The trail now leads us through some woods, which we sort of agree may be a very old apple orchard. The trail leads out to a clearing and trailhead near the tennis courts and we regroup for the final section along the creek back to out starting point. We again look for salmon, but do not see any here.





Help wanted

Are you looking for a working vacation with lots of time outdoors?  Katherine sent out the help wanted add below.  Take a look, this may be just what you want for the week before Thanksgiving.

  • Strong
  • Healthy
  • Reliable
individuals who like to work outside on a tree farm, including the ability to
  • Carry
  • Bale
  • Load
Christmas trees for 5 days

Nov. 20 (Th), 21 (F), 24 (M), 25 (Tu), 26 (W)

(585) 669-2659
All Western Evergreen Nursery and Christmas Tree Farm
6840 Liberty Pole Road – County Road 38
Springwater, NY 14560


Katherine explains:

We work 8 to 5 and come in for lunch for an hour 12 to 1.  Ahead of time, everyone comes for an interview and we find out their background, have them fill in the required papers if they indicate interest.  Our wages are minimum, but our routine is not hard, and once they work here, they come back.

The work is hard, cold, heavy, and dangerous if people don’t work together lifting the big trees.  We need to be careful not to break any tree tops.  We can’t drag trees in the mud; obvious, but not so easy to do when there is mud all around.  We never know what the weather will be.  One year we even had to use brooms to sweep the snow off the trees and the snow was so deep the tree would not fall down even when it was cut!  Trees full of snow are very heavy and hard to move.  We work in all kinds of weather and pray a lot.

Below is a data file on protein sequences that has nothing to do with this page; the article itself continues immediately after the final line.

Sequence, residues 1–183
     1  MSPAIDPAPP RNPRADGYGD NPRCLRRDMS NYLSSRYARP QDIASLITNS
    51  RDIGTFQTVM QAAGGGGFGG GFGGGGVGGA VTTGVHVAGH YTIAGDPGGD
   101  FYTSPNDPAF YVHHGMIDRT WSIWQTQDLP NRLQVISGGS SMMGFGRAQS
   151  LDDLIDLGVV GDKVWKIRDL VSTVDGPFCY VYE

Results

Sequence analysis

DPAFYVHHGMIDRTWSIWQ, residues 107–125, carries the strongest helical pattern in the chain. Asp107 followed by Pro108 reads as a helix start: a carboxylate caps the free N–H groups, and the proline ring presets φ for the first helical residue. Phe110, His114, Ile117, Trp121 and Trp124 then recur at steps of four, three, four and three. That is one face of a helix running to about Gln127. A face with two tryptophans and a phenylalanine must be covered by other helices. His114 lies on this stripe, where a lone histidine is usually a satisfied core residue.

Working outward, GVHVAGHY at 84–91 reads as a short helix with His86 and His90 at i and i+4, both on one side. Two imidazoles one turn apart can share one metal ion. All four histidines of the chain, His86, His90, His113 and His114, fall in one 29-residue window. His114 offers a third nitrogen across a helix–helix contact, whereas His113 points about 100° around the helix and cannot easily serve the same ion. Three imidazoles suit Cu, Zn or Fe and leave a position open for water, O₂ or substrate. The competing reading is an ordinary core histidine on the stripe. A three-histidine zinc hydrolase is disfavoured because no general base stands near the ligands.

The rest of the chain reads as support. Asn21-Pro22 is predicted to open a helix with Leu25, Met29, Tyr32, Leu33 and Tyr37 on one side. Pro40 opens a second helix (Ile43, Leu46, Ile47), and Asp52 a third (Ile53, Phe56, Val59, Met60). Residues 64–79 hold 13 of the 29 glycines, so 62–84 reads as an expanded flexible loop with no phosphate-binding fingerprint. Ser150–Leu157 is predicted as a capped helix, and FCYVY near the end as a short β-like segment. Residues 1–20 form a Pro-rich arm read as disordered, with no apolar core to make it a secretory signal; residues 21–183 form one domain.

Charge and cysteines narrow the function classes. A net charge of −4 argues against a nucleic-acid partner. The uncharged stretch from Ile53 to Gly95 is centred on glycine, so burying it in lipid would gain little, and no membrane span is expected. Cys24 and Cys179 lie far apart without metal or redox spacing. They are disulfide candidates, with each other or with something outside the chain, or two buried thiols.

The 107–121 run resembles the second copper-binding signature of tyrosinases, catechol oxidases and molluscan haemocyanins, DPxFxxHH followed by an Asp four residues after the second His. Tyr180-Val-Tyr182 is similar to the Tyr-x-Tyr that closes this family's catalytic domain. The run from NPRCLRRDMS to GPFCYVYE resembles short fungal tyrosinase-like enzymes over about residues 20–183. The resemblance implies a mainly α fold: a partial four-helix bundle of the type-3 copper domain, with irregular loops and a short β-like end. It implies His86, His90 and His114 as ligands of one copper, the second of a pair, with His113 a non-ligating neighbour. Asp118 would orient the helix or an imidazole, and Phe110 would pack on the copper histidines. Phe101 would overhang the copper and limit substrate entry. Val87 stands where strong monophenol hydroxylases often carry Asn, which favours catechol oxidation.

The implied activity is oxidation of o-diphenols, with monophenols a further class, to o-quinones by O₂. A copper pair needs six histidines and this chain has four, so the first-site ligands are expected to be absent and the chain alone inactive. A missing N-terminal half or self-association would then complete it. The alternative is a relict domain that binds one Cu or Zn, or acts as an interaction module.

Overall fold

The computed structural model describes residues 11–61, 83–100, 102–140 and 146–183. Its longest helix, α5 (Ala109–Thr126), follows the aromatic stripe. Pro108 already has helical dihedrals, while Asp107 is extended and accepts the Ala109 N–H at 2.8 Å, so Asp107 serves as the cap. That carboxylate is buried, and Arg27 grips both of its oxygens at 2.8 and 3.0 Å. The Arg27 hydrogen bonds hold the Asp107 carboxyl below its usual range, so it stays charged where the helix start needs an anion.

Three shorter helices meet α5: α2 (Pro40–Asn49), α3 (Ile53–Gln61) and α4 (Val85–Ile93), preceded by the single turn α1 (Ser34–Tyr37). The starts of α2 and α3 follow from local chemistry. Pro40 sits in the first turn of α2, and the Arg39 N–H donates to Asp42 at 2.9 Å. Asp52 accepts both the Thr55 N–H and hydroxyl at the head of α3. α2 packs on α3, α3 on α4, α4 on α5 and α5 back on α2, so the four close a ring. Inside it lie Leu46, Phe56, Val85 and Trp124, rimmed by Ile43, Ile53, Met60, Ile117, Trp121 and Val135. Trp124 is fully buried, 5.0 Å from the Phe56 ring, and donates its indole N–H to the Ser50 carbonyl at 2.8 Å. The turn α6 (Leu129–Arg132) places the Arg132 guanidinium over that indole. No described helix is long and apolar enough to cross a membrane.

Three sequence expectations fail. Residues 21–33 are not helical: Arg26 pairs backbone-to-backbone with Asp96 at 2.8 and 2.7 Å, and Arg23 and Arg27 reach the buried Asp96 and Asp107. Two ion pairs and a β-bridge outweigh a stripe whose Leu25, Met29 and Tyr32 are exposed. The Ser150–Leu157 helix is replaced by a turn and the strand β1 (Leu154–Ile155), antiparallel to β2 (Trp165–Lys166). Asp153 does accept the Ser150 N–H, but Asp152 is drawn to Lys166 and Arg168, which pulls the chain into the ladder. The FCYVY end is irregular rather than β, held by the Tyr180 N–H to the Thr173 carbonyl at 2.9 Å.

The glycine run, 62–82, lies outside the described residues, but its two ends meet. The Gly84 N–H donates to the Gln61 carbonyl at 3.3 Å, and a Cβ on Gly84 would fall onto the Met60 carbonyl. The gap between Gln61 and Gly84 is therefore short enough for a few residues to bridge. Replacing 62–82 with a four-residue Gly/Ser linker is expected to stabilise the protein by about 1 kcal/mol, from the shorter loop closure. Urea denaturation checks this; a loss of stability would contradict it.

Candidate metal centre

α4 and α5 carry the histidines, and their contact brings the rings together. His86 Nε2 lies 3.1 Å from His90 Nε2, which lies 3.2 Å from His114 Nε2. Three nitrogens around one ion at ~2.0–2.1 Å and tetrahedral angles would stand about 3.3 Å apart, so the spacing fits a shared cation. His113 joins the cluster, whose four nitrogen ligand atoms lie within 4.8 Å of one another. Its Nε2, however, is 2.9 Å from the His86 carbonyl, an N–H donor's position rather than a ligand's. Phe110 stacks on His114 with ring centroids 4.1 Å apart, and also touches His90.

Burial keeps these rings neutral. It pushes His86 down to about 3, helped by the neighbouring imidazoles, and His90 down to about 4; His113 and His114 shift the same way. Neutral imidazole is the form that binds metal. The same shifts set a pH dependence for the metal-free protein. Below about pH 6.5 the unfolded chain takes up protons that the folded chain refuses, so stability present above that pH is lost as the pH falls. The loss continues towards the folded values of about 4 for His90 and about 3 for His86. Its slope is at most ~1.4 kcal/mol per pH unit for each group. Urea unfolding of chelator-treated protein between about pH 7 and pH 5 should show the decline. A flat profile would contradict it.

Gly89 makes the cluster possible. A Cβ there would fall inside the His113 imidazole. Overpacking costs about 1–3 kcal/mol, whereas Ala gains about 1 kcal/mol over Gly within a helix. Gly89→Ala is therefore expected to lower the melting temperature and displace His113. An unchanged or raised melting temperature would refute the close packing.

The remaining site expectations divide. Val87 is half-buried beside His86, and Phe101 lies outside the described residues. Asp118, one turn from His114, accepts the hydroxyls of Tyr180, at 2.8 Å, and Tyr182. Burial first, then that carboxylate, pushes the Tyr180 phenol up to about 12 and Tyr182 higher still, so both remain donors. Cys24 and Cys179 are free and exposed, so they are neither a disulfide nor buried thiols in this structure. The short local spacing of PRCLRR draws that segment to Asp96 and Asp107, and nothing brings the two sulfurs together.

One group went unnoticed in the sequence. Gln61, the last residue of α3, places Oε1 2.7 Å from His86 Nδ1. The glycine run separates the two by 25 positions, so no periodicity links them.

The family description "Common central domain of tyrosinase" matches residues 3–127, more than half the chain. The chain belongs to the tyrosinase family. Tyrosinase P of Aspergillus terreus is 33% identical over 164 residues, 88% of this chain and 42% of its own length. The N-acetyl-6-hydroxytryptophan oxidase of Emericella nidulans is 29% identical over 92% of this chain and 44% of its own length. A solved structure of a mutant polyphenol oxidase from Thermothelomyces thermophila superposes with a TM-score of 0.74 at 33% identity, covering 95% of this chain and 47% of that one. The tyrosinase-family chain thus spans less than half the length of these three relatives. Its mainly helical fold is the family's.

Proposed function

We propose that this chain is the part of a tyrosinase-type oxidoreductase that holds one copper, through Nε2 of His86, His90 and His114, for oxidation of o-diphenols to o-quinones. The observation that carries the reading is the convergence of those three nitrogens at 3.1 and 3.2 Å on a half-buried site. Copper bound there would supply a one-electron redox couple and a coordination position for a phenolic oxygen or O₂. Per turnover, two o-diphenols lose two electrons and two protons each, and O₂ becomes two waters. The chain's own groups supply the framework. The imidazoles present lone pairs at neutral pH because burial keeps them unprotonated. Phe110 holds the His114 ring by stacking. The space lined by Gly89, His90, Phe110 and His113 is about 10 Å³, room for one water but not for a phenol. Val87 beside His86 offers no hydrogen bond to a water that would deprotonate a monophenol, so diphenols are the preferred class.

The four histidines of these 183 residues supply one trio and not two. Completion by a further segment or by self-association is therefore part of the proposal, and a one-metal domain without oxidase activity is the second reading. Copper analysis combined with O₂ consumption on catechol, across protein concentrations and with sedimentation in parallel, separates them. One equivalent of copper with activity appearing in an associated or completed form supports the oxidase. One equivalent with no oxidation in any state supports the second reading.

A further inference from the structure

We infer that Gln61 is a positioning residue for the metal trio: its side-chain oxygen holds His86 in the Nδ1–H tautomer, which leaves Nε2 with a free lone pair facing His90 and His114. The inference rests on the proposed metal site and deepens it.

We work like this:  1 person has the list of trees for a particular order and where they are located (Lot, row #, tree #) and spots them, a couple of people stand by the marked trees until the person with the chain saw cuts the tree (trees are cut with a chain saw by a person that knows all about sawing down trees).  Then the folks standing by the tree, hold it while it is being cut, then they drag the tree to the lanes where a person driving the truck with the baler comes down through, the tree string baler is used to bundle the trees, and the baled trees are laid back down in piles neatly along the lanes until after the wagon on the back of the tractor comes down through, and the baled trees are loaded on the basket wagons, standing up so as to fit more trees on the wagon and to have people stand on the wagon floor they are more secure.  Every so often a rope or chain is put across from side to side to keep the trees standing up and not sliding down.  In this scenario, 2 people stand on the ground and pick up a tree and hand it to 2 people on the wagon who stack them standing up, and the fifth person is driving the tractor.  This is why we need a minimum of 5 people working at a time.  Jerrianne is generally the tractor driver, my son-in-law Stephen the truck driver, Mark Kiester is the chain saw person, my brother Laurent from Iowa is the “go for” person.  The person putting the tree into the baler cone is the counter (The person we had doing this 10 or so years moved to Mississippi this year and is not coming back.)  The counter has to come out the same as what the load should be out of each lot for a particular order, and then the counter for loading the trees on the wagon, so when the trees are again counted as they are loaded out onto the customers trucks, everything jives!  We cannot make any mistakes on the numbers or on the particular trees that have been selected by the customer weeks ago with me.  The counter is a very important person and has to be good at numbers, and keeping accurate count.  The baler has a counter on it.  We also have counters you hold in you hand and click for every one.  Over the years, I have done all the jobs, except chain sawing and loading, driving tractor with wagon or truck with baler.  Since 2000, Jerrianne has not let me work outside in the fields any more, so I stay inside and make lunch and take care of set-up and clean-up and this will fall to Isabel when I am gone, so I making sure she knows how to do these things around the house.  I have done the grocery shopping, the laundry and the housekeeping and enjoy it.  In between, I work on decorating wreaths, making garland, kissing balls, or centerpieces.  These items, too, Isabel is learning.  Cutting greens is a never ending business at this time of year.